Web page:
Hundreds turn out for protest against abuse

25/11/11   MO''Portsmouth White Ribbon group take to the streets at night celebrating 10 years of saying no to violence to women. The parade leaves Gunwharf Quays heading for Guildhall Square''Picture: Paul Jacobs (114188-2)
25/11/11 MO''Portsmouth White Ribbon group take to the streets at night celebrating 10 years of saying no to violence to women. The parade leaves Gunwharf Quays heading for Guildhall Square''Picture: Paul Jacobs (114188-2)

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AFTER Liz Gower became the victim of domestic abuse, she was determined to bounce back and warn others.

So the 51-year-old marched the streets of Portsmouth with hundreds of protesters last night as they called for an end to violence against women.

25/11/11   MO''Portsmouth White Ribbon group take to the streets at night celebrating 10 years of saying no to violence to women. The parade leaves Gunwharf Quays heading for Guildhall Square. L-R Molly Fisher 9 her mother Lin fisher, Sandra Charles, Janet Roberts, Sigornay Charles - Sandra's daughter, Aaliyah Bartlett-Scott, Yaz adie, Ingrid C Orea.''Picture: Paul Jacobs (114188-1)

25/11/11 MO''Portsmouth White Ribbon group take to the streets at night celebrating 10 years of saying no to violence to women. The parade leaves Gunwharf Quays heading for Guildhall Square. L-R Molly Fisher 9 her mother Lin fisher, Sandra Charles, Janet Roberts, Sigornay Charles - Sandra's daughter, Aaliyah Bartlett-Scott, Yaz adie, Ingrid C Orea.''Picture: Paul Jacobs (114188-1)

Liz, of Southsea, who was abused two years ago, joined people of all ages as they walked from Gunwharf’s Spinnaker Tower to Guildhall Square.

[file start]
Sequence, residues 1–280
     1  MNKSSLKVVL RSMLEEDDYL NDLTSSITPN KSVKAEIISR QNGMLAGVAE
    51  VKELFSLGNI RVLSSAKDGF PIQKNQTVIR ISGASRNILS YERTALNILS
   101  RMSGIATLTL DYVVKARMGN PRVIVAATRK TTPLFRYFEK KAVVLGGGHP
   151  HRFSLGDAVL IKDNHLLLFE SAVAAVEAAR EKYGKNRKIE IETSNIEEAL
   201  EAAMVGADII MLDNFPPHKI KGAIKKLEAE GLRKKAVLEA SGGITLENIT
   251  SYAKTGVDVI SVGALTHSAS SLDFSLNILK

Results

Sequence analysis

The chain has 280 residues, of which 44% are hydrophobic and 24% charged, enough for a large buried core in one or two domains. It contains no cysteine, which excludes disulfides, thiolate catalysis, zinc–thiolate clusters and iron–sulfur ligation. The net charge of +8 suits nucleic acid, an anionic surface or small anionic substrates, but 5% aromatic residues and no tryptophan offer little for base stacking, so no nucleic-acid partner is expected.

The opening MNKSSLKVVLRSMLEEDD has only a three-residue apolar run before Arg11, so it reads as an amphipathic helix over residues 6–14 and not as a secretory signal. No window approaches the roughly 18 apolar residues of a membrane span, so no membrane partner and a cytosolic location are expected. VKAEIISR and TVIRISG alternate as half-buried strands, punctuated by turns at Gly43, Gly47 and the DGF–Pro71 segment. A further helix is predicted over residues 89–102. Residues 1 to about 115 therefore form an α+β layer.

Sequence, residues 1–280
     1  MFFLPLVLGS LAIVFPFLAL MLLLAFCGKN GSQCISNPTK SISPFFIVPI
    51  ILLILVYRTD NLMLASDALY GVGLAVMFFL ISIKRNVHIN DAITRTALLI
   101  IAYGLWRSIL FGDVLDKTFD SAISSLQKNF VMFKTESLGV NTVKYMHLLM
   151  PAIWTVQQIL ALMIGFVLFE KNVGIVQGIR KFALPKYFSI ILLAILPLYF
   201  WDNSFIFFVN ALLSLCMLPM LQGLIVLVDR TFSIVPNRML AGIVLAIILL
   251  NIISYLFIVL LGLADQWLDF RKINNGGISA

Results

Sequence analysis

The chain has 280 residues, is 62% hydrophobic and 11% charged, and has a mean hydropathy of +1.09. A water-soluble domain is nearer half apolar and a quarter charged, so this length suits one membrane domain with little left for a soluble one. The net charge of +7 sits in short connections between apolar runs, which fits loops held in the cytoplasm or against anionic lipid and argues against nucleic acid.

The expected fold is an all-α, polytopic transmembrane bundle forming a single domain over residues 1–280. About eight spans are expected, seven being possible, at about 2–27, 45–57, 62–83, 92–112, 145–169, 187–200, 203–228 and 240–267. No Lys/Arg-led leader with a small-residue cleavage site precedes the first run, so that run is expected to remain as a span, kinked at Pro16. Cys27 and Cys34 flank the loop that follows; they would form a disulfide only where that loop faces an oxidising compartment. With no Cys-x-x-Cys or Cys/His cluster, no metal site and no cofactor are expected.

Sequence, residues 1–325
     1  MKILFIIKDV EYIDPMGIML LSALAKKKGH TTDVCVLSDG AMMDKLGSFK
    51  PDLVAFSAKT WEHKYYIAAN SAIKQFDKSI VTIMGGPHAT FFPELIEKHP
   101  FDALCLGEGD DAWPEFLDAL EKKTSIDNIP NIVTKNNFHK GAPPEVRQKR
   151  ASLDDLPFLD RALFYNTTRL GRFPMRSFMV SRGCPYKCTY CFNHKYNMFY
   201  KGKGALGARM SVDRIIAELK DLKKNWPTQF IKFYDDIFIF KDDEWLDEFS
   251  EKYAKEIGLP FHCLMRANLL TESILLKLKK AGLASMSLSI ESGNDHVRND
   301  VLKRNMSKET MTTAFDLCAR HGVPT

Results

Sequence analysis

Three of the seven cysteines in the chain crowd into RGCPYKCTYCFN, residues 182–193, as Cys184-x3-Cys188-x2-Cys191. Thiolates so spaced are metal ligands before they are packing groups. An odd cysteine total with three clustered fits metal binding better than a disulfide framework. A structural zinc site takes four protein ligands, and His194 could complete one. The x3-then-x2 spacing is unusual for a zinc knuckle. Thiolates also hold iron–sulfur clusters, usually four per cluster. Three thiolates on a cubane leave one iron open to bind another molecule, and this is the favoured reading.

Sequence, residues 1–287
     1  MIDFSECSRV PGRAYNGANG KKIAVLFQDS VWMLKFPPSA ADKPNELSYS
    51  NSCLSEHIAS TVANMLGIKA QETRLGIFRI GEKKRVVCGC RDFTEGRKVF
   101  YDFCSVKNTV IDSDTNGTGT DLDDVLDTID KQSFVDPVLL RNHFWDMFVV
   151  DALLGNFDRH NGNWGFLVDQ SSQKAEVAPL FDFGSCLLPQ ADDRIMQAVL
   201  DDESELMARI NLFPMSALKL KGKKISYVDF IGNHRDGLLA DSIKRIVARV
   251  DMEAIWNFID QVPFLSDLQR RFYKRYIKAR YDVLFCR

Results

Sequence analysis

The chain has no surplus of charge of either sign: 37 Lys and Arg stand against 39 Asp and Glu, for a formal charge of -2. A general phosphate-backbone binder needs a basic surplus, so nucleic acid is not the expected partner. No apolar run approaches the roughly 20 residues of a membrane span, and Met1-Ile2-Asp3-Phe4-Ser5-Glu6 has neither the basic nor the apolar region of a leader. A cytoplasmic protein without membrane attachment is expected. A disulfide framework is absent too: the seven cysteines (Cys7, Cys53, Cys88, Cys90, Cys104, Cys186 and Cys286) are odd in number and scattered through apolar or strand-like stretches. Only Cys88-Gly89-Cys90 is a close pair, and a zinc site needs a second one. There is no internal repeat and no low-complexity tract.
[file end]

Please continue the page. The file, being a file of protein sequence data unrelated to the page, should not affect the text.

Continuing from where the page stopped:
The crowds held anti-domestic abuse placards and were joined by local street dance group Second To None and samba drumming group Batala.

The annual ‘reclaim the night’ event, which was set up by the city’s branch of the White Ribbon group, was designed to help women believe they could walk in public at night and feel safe.

Liz said: ‘I still suffer panic attacks every now and again but gradually things are getting better. I feel it’s important for both women and men to be aware of what goes on.’

Liz’s friend Anthony Steel, 49, from Waverley Road, Southsea, said: ‘The atmosphere has been brilliant and everyone has been really friendly. Hopefully events like this will go a long way in changing people’s attitudes towards domestic abuse.’

A two-minute protest was staged outside Heaven Sent lapdancing club, on Guildhall Walk. A speech was also made by Kirsty Mellor, chairwoman of Portsmouth’s White Ribbon group, and songs were performed by Kirsty Webb and Steff Abbrow.

Kirsty said: ‘Everyone who marched has done so because they are against violence to women. This was also about getting men on board. Although they are part of the problem, they also hold the solution.’